Points have their own designations in tennis: love (zero points), 15 (one point), 30 (two points), and 40 (three points). Tennis has multiple officiants, but the one seated above the match, known as the chair umpire, serves as a referee, calling the score and any faults or penalties that would change the score. For instance, if the chair umpire calls a score of “love-30,” that means one player has zero points and the other has two. When both players have the same number of points, the score is called as “all,” as in “15-all,” meaning each player has one point.

A game that hits a tied score of 40-all has its own special word, “deuce.” In a deuce situation, a player needs to score two points in a row to win. That means a four-point game might go on for a dozen points. Whoever scored the most recent point in a deuce game after the score was tied is said to have “advantage,” since they’re halfway to winning — so if player A scores one point in a deuce game, they have advantage, but if player B then scores a point, the score goes back to 40-all, with player B now having advantage. There are several ways to score points in tennis apart from successfully getting a ball past the other player. An opponent might surrender points via a fault. Or the chair umpire might assess penalty points for an opponent’s unsportsmanlike conduct, including swearing, throwing things, delaying a match, and more.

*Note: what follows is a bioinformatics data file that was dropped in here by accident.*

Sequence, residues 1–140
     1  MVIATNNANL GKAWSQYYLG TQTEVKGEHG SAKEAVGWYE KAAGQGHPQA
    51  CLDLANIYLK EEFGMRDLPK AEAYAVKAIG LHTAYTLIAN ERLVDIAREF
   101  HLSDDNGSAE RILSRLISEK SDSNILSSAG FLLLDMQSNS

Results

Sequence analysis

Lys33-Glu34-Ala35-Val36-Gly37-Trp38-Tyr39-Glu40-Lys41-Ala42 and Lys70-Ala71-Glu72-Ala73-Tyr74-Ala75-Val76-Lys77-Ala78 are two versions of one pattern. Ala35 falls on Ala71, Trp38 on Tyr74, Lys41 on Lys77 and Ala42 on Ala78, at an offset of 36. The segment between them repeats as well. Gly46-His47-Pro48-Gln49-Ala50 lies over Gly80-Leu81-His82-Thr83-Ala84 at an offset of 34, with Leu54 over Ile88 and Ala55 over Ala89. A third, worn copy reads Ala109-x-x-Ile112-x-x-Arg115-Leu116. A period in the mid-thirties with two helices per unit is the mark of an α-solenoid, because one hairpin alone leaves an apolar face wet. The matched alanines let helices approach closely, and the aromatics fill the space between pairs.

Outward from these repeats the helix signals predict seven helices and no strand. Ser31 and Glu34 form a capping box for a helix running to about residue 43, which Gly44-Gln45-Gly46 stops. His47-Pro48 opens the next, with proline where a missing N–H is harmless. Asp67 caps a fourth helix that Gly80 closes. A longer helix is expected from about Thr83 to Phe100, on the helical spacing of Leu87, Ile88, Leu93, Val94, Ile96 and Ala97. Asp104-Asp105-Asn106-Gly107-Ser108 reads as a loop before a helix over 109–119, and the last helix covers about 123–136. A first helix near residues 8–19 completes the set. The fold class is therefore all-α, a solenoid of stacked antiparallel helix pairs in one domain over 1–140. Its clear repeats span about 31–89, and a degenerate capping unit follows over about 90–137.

Yes, all this is relevant in Challengers, especially for understanding why Art and Patrick play so many games against each other, and why some of those games go on so long.

Can you enjoy Challengers without knowing anything about tennis?

Sure. It’s pretty clear when one of the players is on the upswing and the other is losing, just from their responses. Trent Reznor and Atticus Ross’ aggressive, driving score for the film spikes up the excitement and makes it clear when big, important things are happening. But being able to read the on-screen match scoring and follow what’s going on in individual games will give you a lot more nuance about the status of a given game and the overall match.

Are the actors really playing tennis in Challengers?

They’re often hitting real balls on real courts, but plenty of effects and editing trickery were involved in making the games look seamless. Zendaya, Faist, and O’Connor all went through extensive training to make sure their forms on the court were convincing. But as Zendaya has pointed out in interviews, she’d never played tennis before, and she faced a steep learning curve, giving a credible performance as a world-class tennis prodigy.

Is Challengers a good movie?

Polygon sure recommends it! It’s a playful, sexy, tense story, part romance and part compelling sports drama. From our review:

Luca Guadagnino’s sweaty, panting sports-and-sex romantic drama Challengers feel[s] like a thumbed nose (or a raised middle finger) aimed at American Puritanism and an increasingly sex-negative culture. Challengers is a sharp and snappy movie, full of big emotions expressed through fast-paced dialogue in some scenes and through silent, sensual physicality in others, all shot with creative verve and aggressive in-your-face energy. Everyone in this movie is chasing sex and success, and conflating those things with each other in unashamedly provocative ways.